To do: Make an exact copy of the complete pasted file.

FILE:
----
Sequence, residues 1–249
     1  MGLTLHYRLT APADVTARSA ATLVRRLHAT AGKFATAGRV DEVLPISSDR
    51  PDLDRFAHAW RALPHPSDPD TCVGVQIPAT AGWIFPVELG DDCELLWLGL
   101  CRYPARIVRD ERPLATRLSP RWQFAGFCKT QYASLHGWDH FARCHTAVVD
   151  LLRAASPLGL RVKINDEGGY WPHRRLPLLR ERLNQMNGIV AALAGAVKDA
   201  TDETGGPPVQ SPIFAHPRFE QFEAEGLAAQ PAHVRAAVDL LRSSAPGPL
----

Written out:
Sequence, residues 1–249
     1  MGLTLHYRLT APADVTARSA ATLVRRLHAT AGKFATAGRV DEVLPISSDR
    51  PDLDRFAHAW RALPHPSDPD TCVGVQIPAT AGWIFPVELG DDCELLWLGL
   101  CRYPARIVRD ERPLATRLSP RWQFAGFCKT QYASLHGWDH FARCHTAVVD
   151  LLRAASPLGL RVKINDEGGY WPHRRLPLLR ERLNQMNGIV AALAGAVKDA
   201  TDETGGPPVQ SPIFAHPRFE QFEAEGLAAQ PAHVRAAVDL LRSSAPGPL